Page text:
Thomas J. Parr

Thomas J. Parr

Postdoctoral Fellow

PhD University of Maine

My work explores three broad topics animals in biogeochemical cycles, the ecological and chemical fingerprint of ooze (organic matter in streams, sediments, and soils), and streams in cities. I completed my PhD at the University of Maine as part of a large multidisciplinary team investigating alternative future trajectories for land development in Maine and how these trajectories could impact the biogeochemical processes occurring in Maine’s abundant water resources. I have also co-organized the 3rd and 4th Symposia on Urbanization and Stream Ecology (SUSE). SUSE is an interdisciplinary meeting where scientists, engineers, and managers meet to exchange knowledge and discuss the unique stressors degrading urban streams and the challenges in restoring and protecting those streams. In the Vaughn lab, I am working as a post-doctoral researcher on the NSF-funded ‘Hoptspots Project.’ I am looking at how the seasonal hydrologically-driven overlap of different consumer groups affects biogeochemical cycling of C and N and what the implications are for the stability of ecosystem function.

                                    Noé Ferreira Rodríguez

Noé Ferreira Rodríguez

Postdoctoral Fellow

PhD Universidade de Vigo, Spain

My general research interests focus on ecology and conservation. More specifically, I am interested in aquatic invasions, vectors and pathways of introduction and interaction with native species. My Ph.D. project goal was to analyze the ecology of Corbicula fluminea invasion in the NW of the Iberian Peninsula in a global change context, including environmental factors controlling distribution, density and biomass; competition with native freshwater mussels; predation by native and other exotic species; and the social component of C. fluminea invasion. Currently, I am working analyzing the global decline of freshwater mussels and their interaction with C. fluminea with a postdoctoral fellowship from the Autonomic Govern of Galicia (Spain).

                                                   Traci Popejoy

Traci Popejoy

PhD Student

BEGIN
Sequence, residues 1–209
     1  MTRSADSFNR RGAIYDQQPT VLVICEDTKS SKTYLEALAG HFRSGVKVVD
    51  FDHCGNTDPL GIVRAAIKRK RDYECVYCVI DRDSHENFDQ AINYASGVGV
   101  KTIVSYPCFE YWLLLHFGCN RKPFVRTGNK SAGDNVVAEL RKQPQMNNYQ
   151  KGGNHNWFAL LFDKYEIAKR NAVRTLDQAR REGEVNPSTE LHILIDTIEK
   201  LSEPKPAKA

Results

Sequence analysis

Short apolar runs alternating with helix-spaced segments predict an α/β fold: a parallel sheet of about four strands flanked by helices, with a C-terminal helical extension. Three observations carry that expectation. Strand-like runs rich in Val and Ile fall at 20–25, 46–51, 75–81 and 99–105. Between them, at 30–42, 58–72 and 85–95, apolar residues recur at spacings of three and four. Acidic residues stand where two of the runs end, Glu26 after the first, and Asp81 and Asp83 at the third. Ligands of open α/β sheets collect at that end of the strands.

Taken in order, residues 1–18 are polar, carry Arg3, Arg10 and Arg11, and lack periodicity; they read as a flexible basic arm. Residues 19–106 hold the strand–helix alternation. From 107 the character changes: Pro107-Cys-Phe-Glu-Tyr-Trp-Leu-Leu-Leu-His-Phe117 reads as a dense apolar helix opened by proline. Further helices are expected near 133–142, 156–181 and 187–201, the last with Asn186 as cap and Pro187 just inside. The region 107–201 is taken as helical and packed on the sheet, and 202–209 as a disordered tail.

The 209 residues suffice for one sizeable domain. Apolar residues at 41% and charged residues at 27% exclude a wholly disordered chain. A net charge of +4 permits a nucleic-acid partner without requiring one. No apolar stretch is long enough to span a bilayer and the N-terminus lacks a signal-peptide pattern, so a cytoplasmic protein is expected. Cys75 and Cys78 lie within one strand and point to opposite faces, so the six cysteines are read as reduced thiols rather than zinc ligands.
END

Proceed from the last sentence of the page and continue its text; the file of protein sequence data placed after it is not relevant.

I am interested in conservation biology, biogeography and community ecology in freshwater systems. I believe multiple forms of evidence are essential to support conservation discussions. For my master‘s thesis, I compared freshwater mussel shells from two archaeological sites to a contemporary survey and discussed the conservation implications of this comparison, such as potential habitat change. I look forward to adding to my ’conservation tool box’ by researching nutrient cycling in Oklahoma streams.

Brent M. Tweedy

Brent M. Tweedy

PhD Student, GAAN Fellow, Wethington Fellow

B.S. Oklahoma Baptist University
M.S. Texas Christian University

Freshwater ecosystems are especially vulnerable to the buildup of toxic chemicals. Toxins deposited in low levels across a watershed become concentrated in the streams, lakes, and rivers they wash into, adversely affecting the health of aquatic organisms. Freshwater mussels stand out among these organism due to their pivotal role in many important ecosystem functions and because many North American species are threatened or endangered. While at OU, I plan to investigate how sublethal concentrations of toxins affect mussels and how these effects might cascade throughout the ecosystem.

                                                   Ed Higgins

Ed Higgins

PhD Student, Alumni Fellow

My primary interests are integrating genetic techniques and freshwater ecology. I am especially excited to begin my research on the freshwater ‘microbiome’. Microbiomes are complex assemblages of different species of microscopic organisms and both mussels and those microorganisms have tremendous impacts on nutrient cycling. While at OU I am interested in exploring the function and interactions between freshwater mussels, the microbiome they host, and the microbiome of their environment. Between my graduation from BU and joining the Biology Department, I conducted research at Boston University, worked at a biotech company in Boston to develop cancer panels for precision medicine, and worked as a field assistant at Cornell University.

                                                   Jonathan Lopez

Jonathan Lopez

PhD Student

I am interested in research that builds a case for the conservation of freshwater mussels, especially focusing on the role they play in cycling biologically important nutrients. I find aquatic-terrestrial linkages via nutrient cycles particularly fascinating. I am also interested in the complex life cycles of these animals, and how the ecology of mussels changes from parasitic larval stage, to the juvenile stage and the long-lived adult stage.

Janell Hartwell

Janell Hartwell

Undergraduate Research Assistant